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... The lock-word field in Java object header plays a important part in Java synchronization mechanisms. Much research has been done on improving Java synchronization mechanisms based on the lock-word field 11,12,13,14 . However, the lock-word field is removed from the object header in the packed object data model, because multiple packedObject headers can refer to the same underlying data, lock-words in different headers referring to the same data would require extra synchronization. ...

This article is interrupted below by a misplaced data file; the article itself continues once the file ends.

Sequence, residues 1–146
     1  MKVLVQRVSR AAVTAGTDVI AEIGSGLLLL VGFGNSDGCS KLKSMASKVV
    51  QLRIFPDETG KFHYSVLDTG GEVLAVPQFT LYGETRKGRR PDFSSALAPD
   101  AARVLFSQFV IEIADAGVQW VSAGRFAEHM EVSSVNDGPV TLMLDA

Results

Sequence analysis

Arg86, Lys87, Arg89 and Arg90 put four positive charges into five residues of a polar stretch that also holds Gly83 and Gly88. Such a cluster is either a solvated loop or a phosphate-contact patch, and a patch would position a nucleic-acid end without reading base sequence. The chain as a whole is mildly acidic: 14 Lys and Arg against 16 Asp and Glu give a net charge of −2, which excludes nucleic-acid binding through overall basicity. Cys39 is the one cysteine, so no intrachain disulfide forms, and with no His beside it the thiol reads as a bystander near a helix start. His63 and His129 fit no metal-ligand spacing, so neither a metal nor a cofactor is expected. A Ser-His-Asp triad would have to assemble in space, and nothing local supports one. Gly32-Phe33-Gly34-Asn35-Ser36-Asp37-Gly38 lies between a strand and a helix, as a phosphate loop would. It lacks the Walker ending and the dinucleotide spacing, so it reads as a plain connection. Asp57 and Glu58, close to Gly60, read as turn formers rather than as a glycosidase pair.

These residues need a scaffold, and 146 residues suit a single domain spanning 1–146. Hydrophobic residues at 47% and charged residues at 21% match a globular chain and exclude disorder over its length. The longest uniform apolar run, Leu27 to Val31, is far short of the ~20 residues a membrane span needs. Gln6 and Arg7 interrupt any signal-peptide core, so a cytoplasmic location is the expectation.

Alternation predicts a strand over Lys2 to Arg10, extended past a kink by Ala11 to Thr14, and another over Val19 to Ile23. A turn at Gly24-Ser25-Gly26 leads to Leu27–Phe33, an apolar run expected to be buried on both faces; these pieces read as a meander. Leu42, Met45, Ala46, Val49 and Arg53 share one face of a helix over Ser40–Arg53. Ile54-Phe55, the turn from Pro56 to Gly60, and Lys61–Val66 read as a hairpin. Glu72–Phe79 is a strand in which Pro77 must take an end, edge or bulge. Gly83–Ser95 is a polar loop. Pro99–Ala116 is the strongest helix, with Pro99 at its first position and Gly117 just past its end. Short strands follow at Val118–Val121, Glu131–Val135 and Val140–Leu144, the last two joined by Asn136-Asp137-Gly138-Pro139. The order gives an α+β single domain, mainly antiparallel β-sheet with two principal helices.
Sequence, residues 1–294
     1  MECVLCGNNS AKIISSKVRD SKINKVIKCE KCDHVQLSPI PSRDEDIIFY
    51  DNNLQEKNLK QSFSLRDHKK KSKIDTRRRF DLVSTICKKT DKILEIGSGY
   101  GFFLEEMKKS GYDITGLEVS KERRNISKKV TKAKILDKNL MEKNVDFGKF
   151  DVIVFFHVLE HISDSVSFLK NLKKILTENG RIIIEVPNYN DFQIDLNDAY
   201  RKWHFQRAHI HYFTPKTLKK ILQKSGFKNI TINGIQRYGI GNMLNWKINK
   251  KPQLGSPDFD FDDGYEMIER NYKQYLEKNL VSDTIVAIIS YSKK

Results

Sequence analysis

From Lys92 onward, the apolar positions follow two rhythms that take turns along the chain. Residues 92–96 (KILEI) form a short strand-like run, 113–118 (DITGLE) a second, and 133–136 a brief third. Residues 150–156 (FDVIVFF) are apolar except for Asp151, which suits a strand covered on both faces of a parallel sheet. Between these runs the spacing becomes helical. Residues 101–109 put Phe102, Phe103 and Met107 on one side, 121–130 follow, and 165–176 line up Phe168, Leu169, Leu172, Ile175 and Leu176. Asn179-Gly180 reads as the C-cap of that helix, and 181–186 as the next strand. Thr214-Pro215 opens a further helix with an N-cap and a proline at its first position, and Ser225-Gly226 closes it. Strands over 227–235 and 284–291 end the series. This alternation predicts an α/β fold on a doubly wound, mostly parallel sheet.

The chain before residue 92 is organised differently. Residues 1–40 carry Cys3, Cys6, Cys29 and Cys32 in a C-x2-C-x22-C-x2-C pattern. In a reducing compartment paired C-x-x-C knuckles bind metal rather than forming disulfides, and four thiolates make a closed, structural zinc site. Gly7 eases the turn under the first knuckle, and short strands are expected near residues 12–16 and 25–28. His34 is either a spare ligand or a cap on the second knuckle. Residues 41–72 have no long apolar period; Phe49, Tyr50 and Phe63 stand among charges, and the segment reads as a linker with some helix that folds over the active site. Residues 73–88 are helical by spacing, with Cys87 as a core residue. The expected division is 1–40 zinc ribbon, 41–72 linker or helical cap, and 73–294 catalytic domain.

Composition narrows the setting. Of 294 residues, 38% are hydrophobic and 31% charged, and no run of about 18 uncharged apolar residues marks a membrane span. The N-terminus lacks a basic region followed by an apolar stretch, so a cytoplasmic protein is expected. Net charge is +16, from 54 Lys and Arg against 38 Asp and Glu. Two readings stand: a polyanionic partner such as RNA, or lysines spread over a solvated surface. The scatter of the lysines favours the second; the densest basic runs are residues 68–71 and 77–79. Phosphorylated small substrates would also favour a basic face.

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... Biased locking [Kawachiya et al. 2002;Pizlo et al. 2011;Russell and Detlefs 2006;Vasudevan et al. 2010] is a well-known implementation technique suited to locks that are acquired by only one thread, at least within some large consecutive series of acquires. Initially the lock is unowned and must be acquired in the typical fashion. ...